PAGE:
• Why Choose Automotive
  • Careers
  • NC3 Location
  • Industry Affiliates
  • Policies
  • Why Should You Go into Automotive?

    ATTC Panorama

    If you enjoy challenges, cars, and like to work with your hands, Automotive Technology can be a rewarding career for you. Automotive service technicians are employed by auto dealerships, repair shops, auto and home supply stores, and gas and service stations.

    The programs prepare students to diagnose, repair and maintain modern automobiles and light trucks including powertrain systems, steering, suspension and braking systems, electrical systems and electronic controls, automatic transmissions, engine overhaul, air-conditioning service and engine performance. All classes prepare students to pass the Automotive Service Excellence (ASE) certification tests. The programs are conducted in modern, well-equipped classrooms and laboratory/shops. The automotive technology shop contains equipment for rebuilding and testing components such as engines and transmissions; a four-wheel computerized alignment rack; tune-up and computer control diagnostic equipment; 21 vehicle hoists; a chassis dynamometer; engine analyzers and many specialized tools.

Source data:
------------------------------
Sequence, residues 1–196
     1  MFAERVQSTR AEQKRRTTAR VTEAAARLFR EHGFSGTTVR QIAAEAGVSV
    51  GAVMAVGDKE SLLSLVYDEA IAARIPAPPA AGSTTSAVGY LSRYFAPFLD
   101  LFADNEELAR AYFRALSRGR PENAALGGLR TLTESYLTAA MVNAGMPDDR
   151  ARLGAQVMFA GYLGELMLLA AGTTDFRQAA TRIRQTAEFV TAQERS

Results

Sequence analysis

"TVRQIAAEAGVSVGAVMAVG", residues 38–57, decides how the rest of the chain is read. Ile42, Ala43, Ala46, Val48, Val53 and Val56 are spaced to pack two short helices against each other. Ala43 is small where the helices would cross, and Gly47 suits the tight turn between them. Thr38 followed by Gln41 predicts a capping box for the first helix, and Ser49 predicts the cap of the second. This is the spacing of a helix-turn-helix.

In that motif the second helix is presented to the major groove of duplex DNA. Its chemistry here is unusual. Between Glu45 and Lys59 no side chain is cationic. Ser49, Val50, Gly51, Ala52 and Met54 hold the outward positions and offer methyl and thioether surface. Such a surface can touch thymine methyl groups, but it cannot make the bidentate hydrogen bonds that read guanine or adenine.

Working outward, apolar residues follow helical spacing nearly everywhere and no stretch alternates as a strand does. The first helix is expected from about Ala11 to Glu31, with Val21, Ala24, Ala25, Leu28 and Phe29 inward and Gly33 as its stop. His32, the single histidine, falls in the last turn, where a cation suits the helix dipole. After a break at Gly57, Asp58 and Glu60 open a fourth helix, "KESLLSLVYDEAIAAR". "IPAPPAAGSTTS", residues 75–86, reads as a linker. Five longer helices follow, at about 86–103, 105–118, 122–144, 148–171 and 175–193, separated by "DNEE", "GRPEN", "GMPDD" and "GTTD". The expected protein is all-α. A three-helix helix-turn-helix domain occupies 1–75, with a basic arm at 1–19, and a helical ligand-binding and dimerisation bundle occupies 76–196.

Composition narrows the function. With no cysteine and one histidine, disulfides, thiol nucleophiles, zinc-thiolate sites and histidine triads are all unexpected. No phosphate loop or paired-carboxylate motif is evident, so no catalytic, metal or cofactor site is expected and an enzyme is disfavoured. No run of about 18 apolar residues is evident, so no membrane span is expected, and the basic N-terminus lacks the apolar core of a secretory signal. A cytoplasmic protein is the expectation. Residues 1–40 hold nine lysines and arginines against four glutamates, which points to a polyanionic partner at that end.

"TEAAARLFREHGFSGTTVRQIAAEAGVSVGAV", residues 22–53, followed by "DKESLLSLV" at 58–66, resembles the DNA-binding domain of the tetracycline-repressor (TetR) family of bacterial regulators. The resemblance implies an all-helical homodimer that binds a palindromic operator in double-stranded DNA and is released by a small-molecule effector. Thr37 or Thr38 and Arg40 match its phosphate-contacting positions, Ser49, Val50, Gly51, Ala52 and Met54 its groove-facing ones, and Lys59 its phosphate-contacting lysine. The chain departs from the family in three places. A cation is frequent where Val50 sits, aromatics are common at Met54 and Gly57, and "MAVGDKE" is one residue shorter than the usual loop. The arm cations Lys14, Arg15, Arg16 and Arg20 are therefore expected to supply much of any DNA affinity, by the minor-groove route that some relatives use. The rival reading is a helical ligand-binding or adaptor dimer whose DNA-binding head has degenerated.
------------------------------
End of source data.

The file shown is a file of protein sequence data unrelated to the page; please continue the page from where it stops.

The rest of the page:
In our classes, you will inspect, remove and replace various bearings, shafts, hubs, and seals associated with manual drive trains and axles. You will diagnose, repair or replace clutches and verify proper operations. You will learn about suspension and braking systems. Classes will allow you to diagnose, repair and verify proper operation of engines, test cooling systems and components and heating and air conditioning systems. You will inspect and repair vehicle wiring, connectors and circuit protection devices, batteries, starting and charging systems.

    Auto Training Puts Student a Notch Above the Rest; Gets Five Job Offers Before Finishing the Program

    Nicholas Garber, 2015 Automotive Technology grad

    Nicholas Garber, 2015 Automotive Technology grad, always liked working on cars, a skill he learned from his dad. After finishing high school, he landed a job as a auto mechanic at a local shop, but soon noticed that mechanics with formal training were being paid a higher wage. The way to move up and make a better wage, he learned, was through certification.